Austal USA christened the Joint High Speed Vessel Brunswick (JHSV 6) over the weekend at its shipyard in Mobile, Ala. The Brunswick is the sixth of 10 JHSVs that Austal has under contract with the Navy as part of an overall 10-ship block-buy contract worth over $1.6 billion.

JHSV 6, a 338' shallow-draft aluminum catamaran, is a multimission, non-combatant transport vessel characterized by its high volume, high speed, and flexibility. It is the fourth vessel to be named Brunswick after the seaport city located on the southeast coast of Georgia. The city of Brunswick played an important role during World War II as the site of a 435-acre shipyard that employed up to 16,000 workers at its peak. The yard produced 99 Liberty ships by the end of the war.

Brunswick displays American values of community, hospitality and resourcefulness at their very best,” said Secretary of the Navy Ray Mabus. “I chose to name the Joint High Speed Vessel after Brunswick to honor those values and the men and women of the city, as well as the state of Georgia."

Brunswick is the result of the successful industry/Department of Defense partnership that has developed between Austal USA, Military Sealift Command and the Navy,” said Craig Perciavalle, president of Austal USA. “We’re very excited about how stable and mature the JHSV program has become as we prepare JHSV 6 for trials and delivery in the fall.” 

Brunswick will soon join her sister JHSVs that have been delivered over the last two-and-a-half years including Spearhead (JHSV 1) which is deep into her second deployment since she was delivered in 2012. “The fast-growing JHSV fleet has proven to be flexible in ways we didn’t even consider when this program first started,” said Perciavalle, “Without the dedication and pride of the hard-working individuals that make up Austal’s awesome shipbuilding team, this program wouldn’t be experiencing the success we’re celebrating today.”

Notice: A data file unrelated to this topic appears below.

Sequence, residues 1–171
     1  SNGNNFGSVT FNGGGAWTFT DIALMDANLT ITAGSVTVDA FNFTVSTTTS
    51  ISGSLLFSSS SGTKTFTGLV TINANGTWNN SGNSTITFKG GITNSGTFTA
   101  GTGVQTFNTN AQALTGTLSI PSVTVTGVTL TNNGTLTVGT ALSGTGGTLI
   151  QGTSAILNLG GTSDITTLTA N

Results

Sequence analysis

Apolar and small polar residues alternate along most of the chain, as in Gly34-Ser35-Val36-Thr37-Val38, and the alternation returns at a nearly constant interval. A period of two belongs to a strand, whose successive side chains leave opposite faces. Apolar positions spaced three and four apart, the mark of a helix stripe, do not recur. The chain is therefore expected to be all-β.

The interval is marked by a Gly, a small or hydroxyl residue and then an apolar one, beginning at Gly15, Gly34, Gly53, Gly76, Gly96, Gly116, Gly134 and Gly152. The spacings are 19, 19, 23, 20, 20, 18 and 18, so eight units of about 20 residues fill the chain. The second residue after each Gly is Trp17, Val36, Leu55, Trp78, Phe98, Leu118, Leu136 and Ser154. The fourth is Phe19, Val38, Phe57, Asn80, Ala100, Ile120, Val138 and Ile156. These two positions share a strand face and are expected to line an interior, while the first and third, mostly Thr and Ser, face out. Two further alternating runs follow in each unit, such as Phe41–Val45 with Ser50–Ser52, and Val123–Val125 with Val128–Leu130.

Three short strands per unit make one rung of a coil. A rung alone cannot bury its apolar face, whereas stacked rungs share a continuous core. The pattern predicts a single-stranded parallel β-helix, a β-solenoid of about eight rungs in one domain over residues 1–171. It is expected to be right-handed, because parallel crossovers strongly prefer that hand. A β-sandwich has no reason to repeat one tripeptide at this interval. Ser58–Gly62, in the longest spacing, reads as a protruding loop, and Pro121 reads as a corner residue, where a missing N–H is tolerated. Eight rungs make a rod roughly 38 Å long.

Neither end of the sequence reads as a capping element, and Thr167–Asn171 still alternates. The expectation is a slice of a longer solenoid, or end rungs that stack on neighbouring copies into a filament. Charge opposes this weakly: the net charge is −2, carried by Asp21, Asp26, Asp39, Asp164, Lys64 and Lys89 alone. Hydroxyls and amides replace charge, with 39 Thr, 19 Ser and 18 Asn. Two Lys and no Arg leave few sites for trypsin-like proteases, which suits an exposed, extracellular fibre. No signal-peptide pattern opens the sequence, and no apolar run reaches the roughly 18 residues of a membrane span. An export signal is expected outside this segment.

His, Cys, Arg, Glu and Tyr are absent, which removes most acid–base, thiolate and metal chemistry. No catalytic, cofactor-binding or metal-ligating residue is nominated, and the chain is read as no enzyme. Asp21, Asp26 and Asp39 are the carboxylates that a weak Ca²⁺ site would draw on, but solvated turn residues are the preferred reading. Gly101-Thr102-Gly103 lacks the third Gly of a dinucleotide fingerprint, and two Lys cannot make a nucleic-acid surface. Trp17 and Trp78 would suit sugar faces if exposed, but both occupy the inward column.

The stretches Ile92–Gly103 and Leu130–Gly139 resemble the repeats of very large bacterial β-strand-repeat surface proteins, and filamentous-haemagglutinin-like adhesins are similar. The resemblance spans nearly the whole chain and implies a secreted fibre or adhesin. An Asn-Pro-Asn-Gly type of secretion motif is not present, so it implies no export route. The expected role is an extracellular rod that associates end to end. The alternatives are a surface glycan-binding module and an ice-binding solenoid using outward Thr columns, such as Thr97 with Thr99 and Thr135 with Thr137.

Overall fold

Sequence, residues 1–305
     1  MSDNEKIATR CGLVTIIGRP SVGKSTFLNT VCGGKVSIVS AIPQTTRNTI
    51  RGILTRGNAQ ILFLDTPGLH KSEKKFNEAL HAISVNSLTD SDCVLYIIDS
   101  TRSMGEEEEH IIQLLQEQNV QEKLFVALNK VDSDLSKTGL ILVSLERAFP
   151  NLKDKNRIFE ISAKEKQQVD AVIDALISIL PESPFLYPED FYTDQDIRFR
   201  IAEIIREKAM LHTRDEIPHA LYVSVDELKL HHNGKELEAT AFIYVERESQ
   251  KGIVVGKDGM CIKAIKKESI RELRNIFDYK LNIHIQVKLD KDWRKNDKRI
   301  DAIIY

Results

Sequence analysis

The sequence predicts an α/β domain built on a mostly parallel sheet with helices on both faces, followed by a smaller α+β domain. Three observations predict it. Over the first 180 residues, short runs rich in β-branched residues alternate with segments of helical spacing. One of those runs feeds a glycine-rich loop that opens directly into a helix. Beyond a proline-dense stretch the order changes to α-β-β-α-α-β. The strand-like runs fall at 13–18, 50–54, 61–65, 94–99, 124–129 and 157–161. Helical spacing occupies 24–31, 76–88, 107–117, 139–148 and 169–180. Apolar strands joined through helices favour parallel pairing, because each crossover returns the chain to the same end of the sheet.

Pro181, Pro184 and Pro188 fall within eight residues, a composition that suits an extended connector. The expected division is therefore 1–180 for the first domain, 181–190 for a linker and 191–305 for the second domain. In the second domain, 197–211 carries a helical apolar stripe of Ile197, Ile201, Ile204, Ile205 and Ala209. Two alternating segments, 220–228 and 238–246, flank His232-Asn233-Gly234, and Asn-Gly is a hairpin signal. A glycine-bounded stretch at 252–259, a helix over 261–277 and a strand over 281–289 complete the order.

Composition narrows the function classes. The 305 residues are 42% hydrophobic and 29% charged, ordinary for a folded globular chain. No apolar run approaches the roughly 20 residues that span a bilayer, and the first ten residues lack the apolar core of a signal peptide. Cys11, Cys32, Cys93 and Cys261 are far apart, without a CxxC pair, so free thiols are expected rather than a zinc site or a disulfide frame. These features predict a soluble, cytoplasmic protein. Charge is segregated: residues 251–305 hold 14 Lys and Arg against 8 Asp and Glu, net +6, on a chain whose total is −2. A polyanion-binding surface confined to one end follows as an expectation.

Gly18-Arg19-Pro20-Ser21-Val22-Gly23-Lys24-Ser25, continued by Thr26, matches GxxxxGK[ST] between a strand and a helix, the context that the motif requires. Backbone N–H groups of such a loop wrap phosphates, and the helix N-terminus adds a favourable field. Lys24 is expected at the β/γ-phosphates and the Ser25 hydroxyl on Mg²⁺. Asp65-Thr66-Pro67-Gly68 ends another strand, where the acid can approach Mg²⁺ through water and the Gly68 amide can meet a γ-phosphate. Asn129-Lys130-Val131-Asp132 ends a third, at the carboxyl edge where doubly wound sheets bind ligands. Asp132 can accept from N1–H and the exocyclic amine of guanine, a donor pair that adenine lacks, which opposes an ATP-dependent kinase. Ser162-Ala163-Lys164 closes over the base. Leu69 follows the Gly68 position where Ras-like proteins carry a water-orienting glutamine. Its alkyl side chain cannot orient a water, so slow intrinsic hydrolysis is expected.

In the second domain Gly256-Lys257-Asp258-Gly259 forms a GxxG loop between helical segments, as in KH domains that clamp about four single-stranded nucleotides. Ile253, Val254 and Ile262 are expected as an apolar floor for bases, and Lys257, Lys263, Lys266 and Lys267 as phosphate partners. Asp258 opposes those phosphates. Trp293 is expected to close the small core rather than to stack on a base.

More than 300 naval guests, civic leaders, community members and Austal employees attended the ceremony held beneath the hull of Brunswick in the Austal final assembly bay.

Three JHSVs and seven Littoral Combat Ships (LCS) are currently under construction at Austal’s Mobile shipyard. The company is scheduled to launch JHSV 6 before the end of the month, while the future Jackson (LCS 6) prepares for its acceptance sea trials later this summer.

For the LCS and JHSV programs, Austal, as prime contractor, is teamed with General Dynamics Mission Systems, a business unit of General Dynamics. For the JHSV program, General Dynamics is responsible for the design, integration and testing of the navigation and communication systems, C4I and aviation systems.

Ken Hocke has been the senior editor of WorkBoat since 1999. He was the associate editor of WorkBoat from 1997 to 1999. Prior to that, he was the editor of the Daily Shipping Guide, a transportation daily in New Orleans. He has written for other publications including The Times-Picayune. He graduated from Louisiana State University with an arts and sciences degree, with a concentration in English, in 1978.